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Review: Dead Rising 2 (Xbox 360)

Dead Rising 2 is set in the not-Las-Vegas setting of Fortune City, Nevada. The main character is Chuck Greene, an ex-motorcross star who is now taking part in the gruesome game show “Terror Is Reality” (think Gladiators, but with zombie killing and no sense of shame) so he can earn enough money to pay for “Zombrex”, the medicine keeping his infected daughter from turning undead. After he collects his winnings from one show, a bomb goes off and soon the streets of Fortune City are flooded with TIR’s zombie supply. What’s more, there’s a reporter claiming that Chuck was the one who set the bomb. There’s seventy-two hours before the military gets sent in to clean up the zombie horde, so Chuck has that long to get to the bottom of the conspiracy while rescuing survivors and finding enough Zombrex to keep his girl from turning.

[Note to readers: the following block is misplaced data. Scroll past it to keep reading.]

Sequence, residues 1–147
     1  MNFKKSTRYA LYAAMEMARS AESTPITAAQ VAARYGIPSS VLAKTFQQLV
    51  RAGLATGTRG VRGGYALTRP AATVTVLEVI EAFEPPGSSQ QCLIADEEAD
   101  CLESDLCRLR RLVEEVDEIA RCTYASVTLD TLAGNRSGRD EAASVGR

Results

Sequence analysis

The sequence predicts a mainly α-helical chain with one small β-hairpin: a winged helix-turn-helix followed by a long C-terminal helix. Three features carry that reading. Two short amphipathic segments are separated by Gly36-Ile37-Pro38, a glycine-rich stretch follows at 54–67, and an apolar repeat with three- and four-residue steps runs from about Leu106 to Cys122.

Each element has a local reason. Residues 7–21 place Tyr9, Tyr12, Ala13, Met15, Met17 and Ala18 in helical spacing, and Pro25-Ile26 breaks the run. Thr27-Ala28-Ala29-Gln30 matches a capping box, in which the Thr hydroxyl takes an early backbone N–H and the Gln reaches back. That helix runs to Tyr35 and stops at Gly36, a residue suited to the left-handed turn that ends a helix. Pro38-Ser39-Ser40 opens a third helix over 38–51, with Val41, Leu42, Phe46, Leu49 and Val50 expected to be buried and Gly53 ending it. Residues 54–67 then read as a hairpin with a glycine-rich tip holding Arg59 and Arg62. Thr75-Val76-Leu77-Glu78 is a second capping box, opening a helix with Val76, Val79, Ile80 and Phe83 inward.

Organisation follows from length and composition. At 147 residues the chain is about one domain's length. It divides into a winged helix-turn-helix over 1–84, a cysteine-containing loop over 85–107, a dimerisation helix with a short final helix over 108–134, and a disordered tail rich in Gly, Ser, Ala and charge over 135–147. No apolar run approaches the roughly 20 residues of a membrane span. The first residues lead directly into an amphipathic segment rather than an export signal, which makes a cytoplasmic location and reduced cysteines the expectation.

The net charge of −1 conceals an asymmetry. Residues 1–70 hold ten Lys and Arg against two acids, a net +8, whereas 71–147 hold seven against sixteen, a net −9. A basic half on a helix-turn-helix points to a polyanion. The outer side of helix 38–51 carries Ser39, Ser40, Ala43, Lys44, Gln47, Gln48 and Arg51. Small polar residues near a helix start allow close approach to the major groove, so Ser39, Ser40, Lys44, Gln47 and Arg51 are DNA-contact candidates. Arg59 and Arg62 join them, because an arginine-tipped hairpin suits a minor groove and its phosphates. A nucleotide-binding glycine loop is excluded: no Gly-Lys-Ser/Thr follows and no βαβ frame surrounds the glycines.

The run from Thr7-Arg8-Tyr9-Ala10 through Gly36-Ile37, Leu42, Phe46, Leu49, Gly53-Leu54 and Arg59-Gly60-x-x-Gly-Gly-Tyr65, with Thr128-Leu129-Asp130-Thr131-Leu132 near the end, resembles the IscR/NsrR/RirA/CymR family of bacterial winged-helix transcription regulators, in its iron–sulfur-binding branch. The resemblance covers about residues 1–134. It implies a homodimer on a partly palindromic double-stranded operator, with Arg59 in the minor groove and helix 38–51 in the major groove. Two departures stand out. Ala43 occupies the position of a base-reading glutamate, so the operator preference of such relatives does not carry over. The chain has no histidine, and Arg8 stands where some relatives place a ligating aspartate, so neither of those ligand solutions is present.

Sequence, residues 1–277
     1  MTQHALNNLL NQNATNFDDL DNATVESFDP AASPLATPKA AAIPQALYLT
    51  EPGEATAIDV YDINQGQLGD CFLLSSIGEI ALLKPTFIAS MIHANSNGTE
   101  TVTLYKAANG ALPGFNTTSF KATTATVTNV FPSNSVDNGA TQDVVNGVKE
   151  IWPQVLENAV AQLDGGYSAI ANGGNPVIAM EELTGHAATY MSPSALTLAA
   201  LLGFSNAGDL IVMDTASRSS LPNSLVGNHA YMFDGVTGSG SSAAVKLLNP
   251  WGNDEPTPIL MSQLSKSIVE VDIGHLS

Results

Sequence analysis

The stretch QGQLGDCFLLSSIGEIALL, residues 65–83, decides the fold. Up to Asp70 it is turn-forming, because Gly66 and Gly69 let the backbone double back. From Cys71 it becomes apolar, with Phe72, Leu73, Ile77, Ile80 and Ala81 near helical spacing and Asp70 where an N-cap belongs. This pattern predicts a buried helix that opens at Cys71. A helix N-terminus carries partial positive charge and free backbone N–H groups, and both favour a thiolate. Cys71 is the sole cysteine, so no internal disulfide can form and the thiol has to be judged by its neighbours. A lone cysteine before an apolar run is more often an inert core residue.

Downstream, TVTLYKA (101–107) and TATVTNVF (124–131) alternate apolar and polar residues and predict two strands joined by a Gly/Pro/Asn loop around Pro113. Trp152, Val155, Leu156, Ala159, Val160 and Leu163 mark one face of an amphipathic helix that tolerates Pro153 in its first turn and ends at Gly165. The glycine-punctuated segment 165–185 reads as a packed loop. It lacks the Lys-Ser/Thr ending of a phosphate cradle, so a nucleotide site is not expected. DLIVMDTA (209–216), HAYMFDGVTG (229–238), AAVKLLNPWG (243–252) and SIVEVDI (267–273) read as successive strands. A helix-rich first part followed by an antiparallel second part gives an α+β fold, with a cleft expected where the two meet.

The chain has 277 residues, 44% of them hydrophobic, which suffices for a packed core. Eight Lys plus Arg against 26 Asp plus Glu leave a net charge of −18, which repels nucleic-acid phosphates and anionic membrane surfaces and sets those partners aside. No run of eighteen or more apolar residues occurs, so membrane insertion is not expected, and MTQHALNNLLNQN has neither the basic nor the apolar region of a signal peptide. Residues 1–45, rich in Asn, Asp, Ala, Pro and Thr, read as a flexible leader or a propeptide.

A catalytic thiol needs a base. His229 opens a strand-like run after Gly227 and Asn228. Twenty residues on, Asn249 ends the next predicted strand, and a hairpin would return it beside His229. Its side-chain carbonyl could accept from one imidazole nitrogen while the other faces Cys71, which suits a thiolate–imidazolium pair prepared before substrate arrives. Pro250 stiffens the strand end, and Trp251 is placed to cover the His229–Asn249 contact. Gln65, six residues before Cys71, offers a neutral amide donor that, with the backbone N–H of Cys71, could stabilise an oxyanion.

There’s a lot of improvements from the original game. For one thing, even though you still have a radio to receive messages from your mission command (a zombie-rights activist named Stacey), the system acts more like email and doesn’t require you to answer the radio and put yourself at risk in the process. The photography element has been removed (which is a shame, since it really distinguished the first game) but has been replaced with an item-creation game that allows you to duct-tape items together into ridiculous implements of destruction. Ever wanted to see what happens when you combine a teddy bear and a machine gun? What about dynamite and a fire extinguisher? While there are a lot of fun combinations, it’s not unlimited (you’re confined to fifty or so “recipes”) and has some odd exceptions. For example, one of the first things I attempted to do was combine a fire extinguisher with a wheelchair… which the game declined to allow, despite the obvious potential for jet-powered fun.